A Timeless Nuisance: The Curse of Instant Gratification

Still of Black Mirror episode 'The Waldo Moment' by Hal Shinnie Still of the Black Mirror episode ‘The Waldo Moment‘ by Hal Shinnie (2013).

When in 1981 Baudrillard addressed one of the most omnipresent and threatening cases in human social development, he obviously couldn’t have foreseen its branching out and rooting in the decades to follow. In his writing on the boundary between reality and fiction, Simulations and Simulacra1, he claimed we had already entered a time of absolute simulation. A time in which we no longer experience reality, but a copy without origin, a simulacra. Fast forward from the eighties to today, and you’ll see us passing the explosive growth and publicizing of the internet, the increasing availability of computers and the intertwining of the combination in our daily lives. Portable computers became handheld computers, handheld becomes in-ear, becomes in-brain. The younger generations of today’s Western world have lived side-by-side with rapid technology and global networks, from birth. Information that used to be out of direct reached and required a library visit or a long-distance call, now only requires a reach into one’s pocket or a yell to Alexa.

One of the many things this readiness of information has brought upon us is ‘The Curse of Instant Gratification’. In the relatively short history of video games we can notice a massive shift in mechanics and gameplay, from slow-paced and content-driven in early games, to extremely fast-paced and profit-driven in current games. It seems that everyone’s attention span is shortening, or maybe everyone is adapting to games of now, that are being built with a younger audience in mind. Twenty years ago most kids didn’t have access to a computer at home, now they have their own, and they are shaping the development of computer entertainment. While TV increased child-targeted marketing massively in the previous century, the internet turned entertainment into child-targeted marketing inherently. Games like Fortnite2 are a micro-transaction haven, a mall in disguise. The only possible result is a downward spiral for man’s attention (read: gratification) span.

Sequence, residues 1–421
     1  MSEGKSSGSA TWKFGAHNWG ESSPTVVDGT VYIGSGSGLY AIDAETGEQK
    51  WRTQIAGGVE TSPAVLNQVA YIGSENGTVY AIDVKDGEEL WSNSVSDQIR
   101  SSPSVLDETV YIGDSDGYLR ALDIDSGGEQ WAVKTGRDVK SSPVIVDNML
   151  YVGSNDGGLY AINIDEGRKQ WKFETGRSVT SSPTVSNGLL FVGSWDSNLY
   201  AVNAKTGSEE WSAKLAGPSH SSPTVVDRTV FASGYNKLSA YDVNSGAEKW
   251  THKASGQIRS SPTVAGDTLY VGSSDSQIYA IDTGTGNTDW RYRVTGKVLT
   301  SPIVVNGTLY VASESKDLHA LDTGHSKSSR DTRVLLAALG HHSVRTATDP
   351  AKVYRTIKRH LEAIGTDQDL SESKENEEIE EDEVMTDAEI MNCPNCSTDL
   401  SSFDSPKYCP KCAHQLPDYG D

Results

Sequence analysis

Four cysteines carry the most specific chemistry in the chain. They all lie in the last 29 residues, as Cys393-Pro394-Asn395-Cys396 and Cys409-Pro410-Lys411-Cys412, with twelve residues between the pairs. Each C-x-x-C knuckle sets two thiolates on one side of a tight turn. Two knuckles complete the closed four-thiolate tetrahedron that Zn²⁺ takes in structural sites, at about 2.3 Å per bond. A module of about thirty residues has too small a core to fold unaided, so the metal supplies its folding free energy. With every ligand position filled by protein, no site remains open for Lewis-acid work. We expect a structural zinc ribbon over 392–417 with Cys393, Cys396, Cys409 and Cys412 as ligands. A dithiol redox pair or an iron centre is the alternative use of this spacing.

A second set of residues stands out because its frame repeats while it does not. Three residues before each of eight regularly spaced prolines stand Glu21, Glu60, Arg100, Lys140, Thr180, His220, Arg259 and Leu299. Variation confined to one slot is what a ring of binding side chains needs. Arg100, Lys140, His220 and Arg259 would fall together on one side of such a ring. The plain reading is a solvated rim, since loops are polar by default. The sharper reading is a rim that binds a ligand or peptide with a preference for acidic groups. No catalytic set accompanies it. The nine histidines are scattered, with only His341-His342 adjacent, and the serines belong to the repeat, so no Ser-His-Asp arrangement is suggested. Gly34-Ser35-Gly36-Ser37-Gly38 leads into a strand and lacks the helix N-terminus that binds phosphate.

In-game screen capture of Fortnite In-game screen capture of the popular online Battle Royale game Fortnite by Epic Games (2017).

Isn’t it ironic that exactly now, as we enter the age of global information, and thus global intelligence, populism reaches an unforeseen high? The year of the first voters untainted by the last century, and we suddenly find ourselves subject to impenetrable borders and even the rise of Cold War-style walls; no matter how metaphoric these walls actually are. But it almost seems like a logical move, considering The Curse of Instant Gratification, to vote for the likes of Trump. In his first week he signed fourteen executive orders, effectively breaking Obama’s record of twelve. And this is exactly what people vote for, they want ‘shit done’. Trump is a goldmine of examples to explore. One of the orders called for the immediate barring of refugees and citizens from seven Muslim countries.3 Which, according to Trump and likely a majority of his voters, will protect the US against big capital T Terrorism. It appears, however, that most of the terror acts in the US, in the last ten years, have been committed by US citizens, with names like Joe Stack and James Lee. Only a few have been claimed by the Islamic State.4, 5 The people that respond with sighs of relief, feeling protected by their grand leader, prove Baudrillard’s claim: we are living in a reality staged by media and entertainment.6